Unpasteurized Cheese While Pregnant? Don't Do It!

When you're pregnant, your OB tells you all of the things that you can't eat—and soft, unpasteurized cheeses are right at the top of the list. As my doctor was running down the list of noshing no-nos, I wondered, How bad could cheese really be for you? But being the goody-goody, by-the-books type I would never break the rules if it could possibly harm my little peanut. So I said buh-bye to my beloved Brie, Feta and Queso Fresco.

Now after reading this horrifying piece in The Daily Mail, I'm so glad I didn't take the risk. Twenty-five-year-old mom-to-be Vanessa White from Las Vegas is thought to have contracted tuberculosis after eating unpasteurized cheese from abroad, which caused her to go into premature labor. And now for the really sad news: She and both of her daughters ended up dying. Because. Of. Cheese!

How could someone die from dairy? It sounds impossible, mind-blowing even. Well, it truly is dangerous. Unpasteurized soft cheeses may contain dangerous bacteria including the one that can cause fatal tuberculosis, and another one called Listeria, which can cross over into the placenta and lead to infections or blood poisoning in the baby, or even miscarriage.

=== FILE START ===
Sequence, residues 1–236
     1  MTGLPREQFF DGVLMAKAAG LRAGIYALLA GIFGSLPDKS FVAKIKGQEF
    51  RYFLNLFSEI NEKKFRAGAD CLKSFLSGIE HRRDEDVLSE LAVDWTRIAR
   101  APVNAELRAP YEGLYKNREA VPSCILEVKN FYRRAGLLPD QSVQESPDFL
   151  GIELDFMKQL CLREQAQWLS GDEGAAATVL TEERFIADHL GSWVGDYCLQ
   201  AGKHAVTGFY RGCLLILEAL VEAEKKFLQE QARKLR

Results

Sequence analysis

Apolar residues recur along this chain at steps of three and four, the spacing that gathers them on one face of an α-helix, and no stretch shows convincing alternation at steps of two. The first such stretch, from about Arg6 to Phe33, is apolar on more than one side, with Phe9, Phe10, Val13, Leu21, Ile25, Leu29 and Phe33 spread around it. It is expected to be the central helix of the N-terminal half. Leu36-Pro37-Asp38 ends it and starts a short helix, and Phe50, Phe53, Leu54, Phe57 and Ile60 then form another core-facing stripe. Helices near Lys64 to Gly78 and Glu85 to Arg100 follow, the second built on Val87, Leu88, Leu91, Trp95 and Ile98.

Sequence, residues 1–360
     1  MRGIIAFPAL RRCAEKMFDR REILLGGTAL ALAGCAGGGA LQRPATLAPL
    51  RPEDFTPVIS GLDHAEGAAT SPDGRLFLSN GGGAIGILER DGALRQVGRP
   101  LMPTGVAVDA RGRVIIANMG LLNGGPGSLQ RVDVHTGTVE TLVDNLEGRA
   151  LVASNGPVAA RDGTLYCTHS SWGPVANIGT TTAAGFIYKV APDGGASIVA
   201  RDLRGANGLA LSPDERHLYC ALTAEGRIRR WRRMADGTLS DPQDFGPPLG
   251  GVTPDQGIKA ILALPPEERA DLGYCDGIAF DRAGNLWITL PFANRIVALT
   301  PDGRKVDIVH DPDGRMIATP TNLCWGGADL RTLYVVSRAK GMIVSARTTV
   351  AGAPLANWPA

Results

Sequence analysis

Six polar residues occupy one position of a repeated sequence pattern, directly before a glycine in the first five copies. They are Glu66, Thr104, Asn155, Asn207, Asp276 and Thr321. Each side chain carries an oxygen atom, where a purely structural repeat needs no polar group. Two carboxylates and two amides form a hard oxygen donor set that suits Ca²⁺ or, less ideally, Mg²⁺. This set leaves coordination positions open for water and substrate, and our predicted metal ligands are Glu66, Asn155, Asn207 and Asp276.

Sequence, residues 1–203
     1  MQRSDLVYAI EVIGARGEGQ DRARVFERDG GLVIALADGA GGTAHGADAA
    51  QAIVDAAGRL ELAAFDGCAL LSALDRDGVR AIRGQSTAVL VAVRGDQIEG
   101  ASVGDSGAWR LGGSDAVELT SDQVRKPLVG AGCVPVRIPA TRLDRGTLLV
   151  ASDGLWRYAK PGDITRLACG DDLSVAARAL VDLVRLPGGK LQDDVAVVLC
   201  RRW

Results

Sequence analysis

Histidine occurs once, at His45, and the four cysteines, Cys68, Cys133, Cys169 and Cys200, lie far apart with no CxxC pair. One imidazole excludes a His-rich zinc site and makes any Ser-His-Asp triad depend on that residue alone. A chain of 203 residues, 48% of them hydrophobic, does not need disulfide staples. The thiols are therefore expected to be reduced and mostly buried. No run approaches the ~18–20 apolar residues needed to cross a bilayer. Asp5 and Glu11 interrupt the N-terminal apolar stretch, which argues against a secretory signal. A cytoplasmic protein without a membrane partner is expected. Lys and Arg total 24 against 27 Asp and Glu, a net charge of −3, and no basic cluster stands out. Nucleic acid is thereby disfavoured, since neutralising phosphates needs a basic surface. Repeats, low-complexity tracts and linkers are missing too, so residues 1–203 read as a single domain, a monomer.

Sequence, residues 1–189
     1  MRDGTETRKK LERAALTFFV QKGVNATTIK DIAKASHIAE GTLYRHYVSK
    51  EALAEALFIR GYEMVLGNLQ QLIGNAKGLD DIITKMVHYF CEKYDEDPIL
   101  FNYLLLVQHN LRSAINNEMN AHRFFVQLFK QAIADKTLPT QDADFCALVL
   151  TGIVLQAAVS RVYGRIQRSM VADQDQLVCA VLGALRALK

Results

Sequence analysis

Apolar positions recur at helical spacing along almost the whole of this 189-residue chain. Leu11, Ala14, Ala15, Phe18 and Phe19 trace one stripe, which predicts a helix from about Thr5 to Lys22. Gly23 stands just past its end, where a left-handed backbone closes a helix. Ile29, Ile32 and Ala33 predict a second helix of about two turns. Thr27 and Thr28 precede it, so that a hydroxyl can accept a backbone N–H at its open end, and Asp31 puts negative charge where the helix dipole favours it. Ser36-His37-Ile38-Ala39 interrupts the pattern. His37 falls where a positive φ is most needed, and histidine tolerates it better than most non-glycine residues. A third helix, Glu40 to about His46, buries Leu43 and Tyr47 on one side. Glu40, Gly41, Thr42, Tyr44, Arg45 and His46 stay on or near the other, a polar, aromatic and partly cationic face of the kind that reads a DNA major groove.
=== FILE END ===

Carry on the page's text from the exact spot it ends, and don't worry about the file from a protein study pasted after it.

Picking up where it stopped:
If you don't know much about listeria, get educated now! According to the FDA, symptoms of Listeriosis can take days or even weeks to appear and may include fever, chills, muscle aches, diarrhea, headache, stiff neck, and loss of balance. Often the pregnant women who are infected don't even feel sick, so they are passing the infection on to their unborn babies without even knowing it.

While Listeriosis is still pretty rare in the US (The Center for Disease Control and Prevention estimates that approximately 1600 illnesses and 260 deaths occur annually in the US due to Listeriosis), the sad fact is that it really does happen, and it wouldn't seem all that "rare" or "unlikely" if it happened to you or one of your loved ones. Plus? Research has shown that pregnant women are 10 times more likely to get Listeriosis than other healthy adults, and an estimated 14 percent of Listeria cases occur in pregnant women.

No matter how fantastic a creamy cheese is (and, boy, do I love 'em!), it's obviously not worth risking yours or your baby's life over. But after the baby's born, you can let loose and fill those cravings with a much-deserved girls' wine and cheese night!

TELL US: What is the hardest food or drink for you to give up while pregnant?

Image of cheese plate courtesy of Shutterstock.

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